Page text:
Home Current Issue Previous Issues Published Ahead-of-Print Collections Podcasts For Authors Journal Info
Skip Navigation LinksHome > September 2009 - Volume 10 - Issue 5 > The effect of syringe size on reliability and safety of low-...
Pediatric Critical Care Medicine:
doi: 10.1097/PCC.0b013e3181a0e2e9
Laboratory Investigation

The effect of syringe size on reliability and safety of low-flow infusions

Neal, D’Anne RN, BSN; Lin, James A. MD

Collapse Box

Abstract

Objective: To determine the effect of syringe size on safety and reliability of low-flow infusions at rates relevant to hemodynamically unstable infants.

Design: In vitro study using readily available clinical equipment.

Setting: Medical–surgical pediatric intensive care unit of a university-affiliated hospital.

Patients/Subjects: None.

Interventions: Three-, 12-, and 60-mL syringes (Kendall Monoject) with extension tubing were mounted in identical Baxter AS50 infusion pumps. We determined time to alarm after occlusion of the distal tubing. We described and validated a method using capillary tubes to determine startup time to reach steady-state flow and variability of steady-state flow. Data were analyzed using single-factor analysis of variance or linear regression, as appropriate.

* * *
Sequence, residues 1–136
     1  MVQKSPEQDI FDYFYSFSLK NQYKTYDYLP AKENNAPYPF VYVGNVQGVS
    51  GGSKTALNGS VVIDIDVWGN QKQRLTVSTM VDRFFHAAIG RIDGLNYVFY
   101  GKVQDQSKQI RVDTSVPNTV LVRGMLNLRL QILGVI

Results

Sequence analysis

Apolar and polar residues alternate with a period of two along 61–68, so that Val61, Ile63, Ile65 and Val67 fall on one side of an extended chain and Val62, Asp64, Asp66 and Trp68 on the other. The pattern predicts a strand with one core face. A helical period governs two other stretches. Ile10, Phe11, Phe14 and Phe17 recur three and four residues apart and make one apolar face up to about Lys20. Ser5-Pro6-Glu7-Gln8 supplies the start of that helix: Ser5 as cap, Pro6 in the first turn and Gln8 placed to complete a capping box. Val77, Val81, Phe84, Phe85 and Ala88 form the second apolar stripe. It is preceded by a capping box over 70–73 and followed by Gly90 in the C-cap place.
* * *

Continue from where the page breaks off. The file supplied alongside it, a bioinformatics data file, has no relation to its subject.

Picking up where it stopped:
Measurements and Main Results: At 5 mL/hr flow, time to alarm occlusion (mean ± sd) was 1:08 ± 0:42, 3:35 ± 0:58, and 27:06 ± 3:26 minutes for 3-, 12-, and 60-mL syringes, respectively (p < .00001). At a lower flow of 0.2 mL/hr, none of the pumps alarmed despite 30 mins of distal occlusion, regardless of syringe size. Validation testing of the capillary tube volumetric method revealed a sd <5% of the average fluid column displacement. Startup time to reach steady-state flow of 0.2 mL/hr for 60-mL syringes was 76 ± 40 mins and significantly exceeded 24 ± 10 mins for 3-mL syringes (p = .041). In one test using a 60-mL syringe, flow remained below 20% of steady state for >3 hrs. Average steady-state flow was similar for the three syringe sizes (p = .2861), but sd of steady-state flow was directly related to syringe size and regressed to a line with r2 = 1.

Conclusions: Syringe size is related to time to reach steady-state flow, time to alarm occlusion, and variability of low-flow infusions.

©2009The Society of Critical Care Medicine and the World Federation of Pediatric Intensive and Critical Care Societies

Login

Article Tools

Share

Search for Similar Articles
You may search for similar articles that contain these same keywords or you may modify the keyword list to augment your search.